The third element of these claims-the likelihood of confusion-is the key inquiry. Team Tires Plus, 394 F.3d at 833. The Court of Appeals for the Tenth Circuit has identified six factors that aid in determining whether a likelihood of confusion exists between two marks: (a) the degree of similarity between the marks; (b) the intent of the alleged infringer in adopting its mark; (c) evidence of actual confusion; (d) the relation in use and the manner of marking between the goods or services marketed by the competing parties; (e) the degree of care likely to be exercised by purchasers; and (f) the strength or weakness of the marks. King of the Mountain Sports, Inc. v. Chrysler Corp., 185 F.3d 1084, 1089–90 (10th Cir. 1999) (internal citation omitted). “No one factor is dispositive, and the final determination of likelihood of confusion must be based on consideration of all relevant factors.” Heartsprings, Inc. v. Heartspring, Inc., 143 F.3d 550, 554 (10th Cir. 1998) (internal citation omitted).

         Atlas alleges that Kutrubes infringed on its trademarks and trade names by “sen[ding] existing and prospective Atlas customers numerous emails” containing Atlas’s marks and names in an effort to promote Peak Serum’s products and by “displaying prominently” on Peak Serum’s Google webpage[3] Atlas’s marks and names. (Doc. # 101 at 11.) Atlas asserts that Kutrubes’s and Peak Serum’s use of their trademarks and trade names was “knowing, intentional, [and] willful” and was “carried out with clear intent to trade on the reputation and goodwill associated with Atlas” and to “divert and harm Atlas’[s] business.” (Id. at 11–12.)

         1. Factual findings specific to the claims

         The parties stipulated to the first and second elements of the trademark infringement claims. See (Doc. # 154 at 2.) As to the first element, they agreed that Atlas owned and used in commerce valid registered or common law marks and names, including EQUAFETAL, ATLAS, and Atlas’s logo at all relevant times. (Doc. # 123 at 13–14.) With respect to the second element, Kutrubes admitted that “certain emails in which he solicited business for Peak Serum contained [Atlas’s] trademarks and/or trade names.” (Id. at 13.) He also acknowledged at trial that for a time in 2015, the Google page for Peak Serum contained “all of the information” and “all of the testimonials” from Atlas’s Google page. (Kutrubes Testimony, Doc. # 140 at 796.) The Court thus only makes findings of fact relevant to the third element, that Kutrubes’s and Peak Serum’s use of Atlas’s marks was likely to cause confusion.

         In the emails that Kutrubes sent from his Atlas-provided account to Atlas’s customers and prospective customers, Kutrubes explicitly referred to Atlas’s products and included his email signature, which identified him as the National Sales Manager of Atlas and contained Atlas’s contact information and logo. For example, in an email dated November 5, 2014, to Yunjeong Lee of Daemyung Science Co., Ltd., Kutrubes wrote that he was in the process of “trying to obtain a . . . [fetal bovine serum] source (separate from Atlas)” and was “going to form a new company in 2015 to help provide international customers the option of [fetal bovine serum] since Atlas has discontinued supply.” (Trial Ex. 67 at 4.) He suggested to Lee that Daemyung could buy fetal bovine serum from his new company, put its “own serum label on the bottle[s], ” and “sell Daemyung brand [fetal bovine serum], ” which “would be easier than EquaFETAL.” (Id.) At the bottom of the email, Kutrubes included his signature with Atlas’s name, logo, and contact information. (Id.); see (Cheever Testimony, Doc. # 136 at 162; Trial Exs. 69, 70, 316, 369, 413, 421.)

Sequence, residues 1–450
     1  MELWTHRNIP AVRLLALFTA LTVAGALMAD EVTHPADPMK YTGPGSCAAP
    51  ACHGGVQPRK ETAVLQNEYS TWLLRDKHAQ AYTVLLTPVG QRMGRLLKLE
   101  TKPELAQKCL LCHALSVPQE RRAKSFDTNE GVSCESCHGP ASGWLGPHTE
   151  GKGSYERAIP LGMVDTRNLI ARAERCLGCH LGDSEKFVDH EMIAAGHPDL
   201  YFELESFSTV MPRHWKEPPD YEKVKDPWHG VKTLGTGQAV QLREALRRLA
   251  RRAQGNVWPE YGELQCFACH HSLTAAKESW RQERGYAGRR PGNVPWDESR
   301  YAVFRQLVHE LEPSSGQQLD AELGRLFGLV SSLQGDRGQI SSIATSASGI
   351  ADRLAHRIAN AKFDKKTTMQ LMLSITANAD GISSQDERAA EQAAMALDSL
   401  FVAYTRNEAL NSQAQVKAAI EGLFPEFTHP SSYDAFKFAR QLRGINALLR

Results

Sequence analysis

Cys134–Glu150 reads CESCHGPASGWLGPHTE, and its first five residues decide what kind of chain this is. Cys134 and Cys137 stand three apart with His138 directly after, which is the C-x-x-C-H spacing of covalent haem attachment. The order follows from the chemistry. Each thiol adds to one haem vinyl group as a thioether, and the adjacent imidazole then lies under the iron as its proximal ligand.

Atlas’s customers and potential customers were confused by Kutrubes’s use of Atlas’s marks and names in these promotional emails. Returning to the example of Kutrubes’s email exchange with Lee of Daemyung, in response to Kutrubes’s statement that he was going to form a new company separate and apart from Atlas because Atlas was discontinuing its supply of fetal bovine serum, Lee asked on behalf of Daemyung’s chief executive officer, “Are you going to leave Atlas . . . and make a new company? Will Atlas . . . stop supplying all [fetal bovine serum] products from [sic] 2015? Can’t we have FetalPlus or EquaFETAL since [sic] 2015?” (Trial Ex. 67 at 1.) Cheever accurately characterized Lee’s questions: “That is confusion.” (Cheever Testimony, Doc. # 136 at 163); see also (Paniccia Testimony, Doc. # 138 at 403–10.) Paniccia testified that as a ...


Buy This Entire Record For $7.95

Download the entire decision to receive the complete text, official citation,
docket number, dissents and concurrences, and footnotes for this case.

Learn more about what you receive with purchase of this case.